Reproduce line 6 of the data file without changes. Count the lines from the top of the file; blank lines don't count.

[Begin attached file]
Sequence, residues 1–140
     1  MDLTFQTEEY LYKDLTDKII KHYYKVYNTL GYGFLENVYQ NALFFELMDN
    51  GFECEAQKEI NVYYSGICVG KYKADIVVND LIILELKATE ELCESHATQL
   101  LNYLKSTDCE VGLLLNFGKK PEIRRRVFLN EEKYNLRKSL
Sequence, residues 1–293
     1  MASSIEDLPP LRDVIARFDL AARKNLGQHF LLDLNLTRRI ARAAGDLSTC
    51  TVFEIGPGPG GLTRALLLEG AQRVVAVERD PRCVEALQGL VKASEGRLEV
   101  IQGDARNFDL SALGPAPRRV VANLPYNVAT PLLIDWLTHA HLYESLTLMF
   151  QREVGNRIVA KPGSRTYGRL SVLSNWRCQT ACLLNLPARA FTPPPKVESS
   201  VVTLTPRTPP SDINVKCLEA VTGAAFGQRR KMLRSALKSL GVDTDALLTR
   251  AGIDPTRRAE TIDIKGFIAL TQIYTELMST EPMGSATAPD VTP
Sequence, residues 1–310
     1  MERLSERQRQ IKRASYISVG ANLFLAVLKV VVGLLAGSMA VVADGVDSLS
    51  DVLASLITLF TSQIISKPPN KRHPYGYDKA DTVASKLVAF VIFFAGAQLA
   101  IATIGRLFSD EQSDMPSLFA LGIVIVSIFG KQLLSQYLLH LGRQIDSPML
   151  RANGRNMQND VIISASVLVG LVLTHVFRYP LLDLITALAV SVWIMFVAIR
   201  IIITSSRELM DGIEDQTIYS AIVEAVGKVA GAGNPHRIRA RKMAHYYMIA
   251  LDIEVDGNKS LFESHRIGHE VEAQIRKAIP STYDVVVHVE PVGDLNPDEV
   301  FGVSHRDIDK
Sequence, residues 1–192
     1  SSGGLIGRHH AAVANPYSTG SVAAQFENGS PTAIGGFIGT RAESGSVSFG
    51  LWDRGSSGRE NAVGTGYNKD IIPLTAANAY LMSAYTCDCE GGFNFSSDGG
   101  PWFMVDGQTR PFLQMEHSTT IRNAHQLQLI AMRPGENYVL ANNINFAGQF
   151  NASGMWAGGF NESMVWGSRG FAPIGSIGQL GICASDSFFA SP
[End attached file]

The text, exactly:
     1  MASSIEDLPP LRDVIARFDL AARKNLGQHF LLDLNLTRRI ARAAGDLSTC